Regulatory Requirements
There are three goals the DOE requires technologies to meet, Duncan explains. The first is detecting and evaluating whether there is a possibility of CO2 injection creating any kind of seismic event or earthquake. Secondly, the technology must be able to make sure that the CO2 does not crack the cap rock keeping the CO2 underground. Duncan explains that though the CO2 is not being inserted in the ground under high pressure, the fluid will seep into preexisting fractures in the rock and reduce the friction holding the rocks together, which may cause the cracks to shift. Finally, the technology must provide verification of the CO2 “plume” spreading throughout the reservoir as it is injected.

Essentially, he explains, they are trying to solve three problems. “The problem of is there induced seismicity? Or is there potential for induced seismicity? Is the CO2 staying in place in the reservoir? And, where in the reservoir is it going? Well, how do we know when the reservoir is full? Those three areas people are investing a lot of technical trials into,” Duncan says.

Producer Perspective
During CO2 injection, there are several different monitoring plans Red Trail needed to create, Burns says. The plant created a monitoring plan for the state, assisted by the EERC, as well as a MRV for the EPA at the federal level. In early September, Red Trail had another monitoring plan under submission in California to access the state’s low carbon fuels program.

Burns explains that Red Trail has a partnership with Japanese company RITE, which uses a surface orbital vibrator technology to model the CO2 plume and watch for any induced seismicity. “If the CO2 plume moves out there, they’ll see a change in the vibration, and they’ll model that to see where the plume is going to be,” he says. The EERC also monitors the well using nodes on the surface.

They also had to do multiple tests to acquire a baseline of the soil isotopes and the Fox Hills Aquifer, the deepest freshwater aquifer in the area, to make sure there aren’t any changes happening due to injection. “We have a third party come and take those [soil gas] samples … [and] we had to take an isotope test of the CO2 coming off our plant, so if there’s a lot of that CO2 in the ground then they’ll be able to trace it back to our source through isotope monitoring,” he explains.

There is no singular technology that checks all the boxes for monitoring, Hamling says. In today’s current regulatory landscape, a monitoring strategy is necessary. “But the purpose of monitoring is two-fold,” he says. “You need monitoring data to inform how you operate the site; you also need monitoring data to demonstrate to regulators and incentive programs that the CO2 you’re injecting is staying stored permanently and that it’s staying within the permitted area.”

Monitoring with Passive Seismic
Passive seismic technology listens to the earth and the sounds it makes, then uses those readings to learn and map what is going on beneath the surface. MicroSeismic developed its technology in working with the oil and gas industries, and when those industries took a hit in 2019-’20, moved toward utilizing its technology to detect sinkholes before they cause damage.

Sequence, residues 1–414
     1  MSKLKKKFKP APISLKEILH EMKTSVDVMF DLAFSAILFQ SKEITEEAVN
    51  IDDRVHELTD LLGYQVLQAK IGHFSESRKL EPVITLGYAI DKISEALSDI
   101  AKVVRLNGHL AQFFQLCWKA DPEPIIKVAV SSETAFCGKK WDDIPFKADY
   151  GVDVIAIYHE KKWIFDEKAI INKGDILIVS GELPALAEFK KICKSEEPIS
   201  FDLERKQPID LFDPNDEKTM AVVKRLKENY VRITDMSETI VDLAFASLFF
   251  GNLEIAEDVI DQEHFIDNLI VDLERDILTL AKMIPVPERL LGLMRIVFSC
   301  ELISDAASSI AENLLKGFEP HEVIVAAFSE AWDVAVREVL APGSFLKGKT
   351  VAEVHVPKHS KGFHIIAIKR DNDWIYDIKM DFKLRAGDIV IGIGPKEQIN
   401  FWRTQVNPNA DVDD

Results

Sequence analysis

“The monitoring, measurement and verification plan that people are putting in place are really directed, as I said before, at these three issues: number one, the seismicity; number two, the integrity of the cap rock that is keeping CO2 below ground; and three, where that plume is going in the ground to make sure it’s not leaking out around the edges of the reservoir and getting up to the surface,” Duncan says.

At the beginning of a project, MicroSeismic assists in evaluating the sequestration site by cementing six to twelve geophones less than 300 feet underground to check for signs of active faults. “The way you do that is to listen, because those fractures are causing little mini earthquakes. Now, I’m talking about seismic events that are kind of equivalent to the pop sound that happens when you take a can of Coke and drop it from your waist onto a cement floor,” Duncan says. These geophone stations wirelessly transmit data back to MicroSeismic where they are monitored 24/7.

They will listen for six months, and if they detect any active faults in the area, the injection point will be relocated. Once injection does start, MicroSeismic would increase the number of geophones to between 50 and 100, with about three to five stations per mile. They are able to use the “pops and pings” they hear to understand what is going on underground. As injection starts, they will use the data gathered to set up a sort of “traffic light system,” he explains. This warning system feeds back to the operator to give them an alert if problems arise.

“If all we’re hearing are little, tiny pops and pings that are kind of random around then it’s green light. If the size of those pops and snaps increases, or they start to be concentrated in a particular area that seems related to the injection, then we might go to a yellow alert level, and at yellow alert level we probably recommend some other kinds of geophysical investigations,” Duncan says.

“And if we were to see large events that are suggesting there’s going to be a seismic event that could be felt at the surface or that the cap rock is being broken or that the fluids are leaking, which then would be indicated by a flurry of events of increasing size, concentrated in a given area, then we might go to a red alert level at which point they would probably slow down or stop injection for a period of time until they could figure out what’s going on.”

For any ethanol producers who are considering carbon capture and storage onsite, Hamling encourages them to keep in mind that getting approved to build a storage facility is a multi-year process. He also suggests that they reach out to those who have worked in that space, as well as checking into regional CO2 partnerships, like the PCOR Partnership to understand the storage potential near their plant. “These projects take time to develop and permit,” Hamling says. “Each project has site specific considerations, so being able to characterize and understand, you know, the specific site relative to the project is important for moving projects forward.”